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AC_Hacker 12-21-13 12:02 PM


Originally Posted by ctgottapee (Post 34140)
Don't get me wrong... We have to be careful...

So what did the tests indicate?

Where's the data?


ecomodded 12-21-13 12:57 PM

I have a window to test.
I will do a small test of the plain glass (with black tape to test off of) compared to some packing material white Styrofoam sheet( black tape again) , 1 layer tested then a 2nd layer.
I suspect I will see a notable improvement.
Also the white Styrofoam let the sunlight threw , it was still effective as a window for light in that regard but not so easy to see out..not that I cared , it's a side window looking over the neighbors house.

ctgottapee 12-21-13 01:32 PM

I'm going off the test data done by various laboratories that do R value testing and research. I'm sure you've read the same stuff.

What might be more interesting is foil bubble wrap testing, although i'm not sure you could measure the actual results with an infrared gun as it would provide more benefit than measured off just the backside.
Horizontal heat reflectiveness isn't near that of the vertical.

The Rvalue testing measures the change in the environments on each side of the insulator, not the backside temp change. The back side temp is useful in window testing for feel it provides when you are next to it as the difference is dramatic.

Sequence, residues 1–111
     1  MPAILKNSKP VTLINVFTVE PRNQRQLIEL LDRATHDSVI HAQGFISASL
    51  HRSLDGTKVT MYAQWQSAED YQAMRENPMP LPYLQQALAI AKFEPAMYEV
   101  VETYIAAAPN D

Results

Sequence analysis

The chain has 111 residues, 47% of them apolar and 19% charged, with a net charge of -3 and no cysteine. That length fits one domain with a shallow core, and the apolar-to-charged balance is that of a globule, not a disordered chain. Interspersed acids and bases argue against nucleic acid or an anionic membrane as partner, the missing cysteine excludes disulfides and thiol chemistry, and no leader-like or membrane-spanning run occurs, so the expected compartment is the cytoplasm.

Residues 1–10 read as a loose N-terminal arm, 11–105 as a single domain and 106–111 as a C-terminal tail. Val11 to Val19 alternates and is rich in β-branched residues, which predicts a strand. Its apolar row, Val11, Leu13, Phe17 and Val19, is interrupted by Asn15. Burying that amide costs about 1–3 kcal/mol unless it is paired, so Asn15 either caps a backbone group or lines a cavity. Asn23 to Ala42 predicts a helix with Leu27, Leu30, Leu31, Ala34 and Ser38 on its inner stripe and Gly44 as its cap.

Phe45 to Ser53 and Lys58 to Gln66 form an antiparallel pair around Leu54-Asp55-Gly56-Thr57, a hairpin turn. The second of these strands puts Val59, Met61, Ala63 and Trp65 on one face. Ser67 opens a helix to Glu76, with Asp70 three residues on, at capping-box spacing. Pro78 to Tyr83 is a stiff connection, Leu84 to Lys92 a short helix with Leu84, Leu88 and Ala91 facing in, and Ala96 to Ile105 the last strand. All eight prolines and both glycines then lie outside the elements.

Originally Posted by AC_Hacker (Post 34146)
So what did the tests indicate?

Where's the data?


AC_Hacker 12-21-13 03:55 PM


Originally Posted by ctgottapee (Post 34150)
...Horizontal heat reflectiveness isn't near that of the vertical...

I think that if you look into this, you will find that radiant energy travels equally in all directions, and the ability to reflect radiant energy is equal in all directions as well.

However, if the convective effects of air movement are considered, then the "R-value" will be different with different orientations.


ecomodded 12-21-13 09:49 PM

1/2 inch white Stryfoam vs single pane
Styrofoam results

On one side of the window's half section the Glass was left exposed.
The other window's half was covered with 1/2" thick Styrofoam sheet 2'x3ft. top to bottom.

Test #1
Bare single pane glass - 54*

(1 sheet ) Styrofoam - 63.2*


Test #2

I added one more sheet of Styrofoam, for a total of 1 inch thickness.

Bare single pane glass - 53.2*

(2 sheet) Styrofoam - 63.3*

Outdoor Temp was 31* in both tests

About a 10 dgree improvement.
Strange there was no gain from the 2nd sheet of Styrofoam, I double checked the Data.

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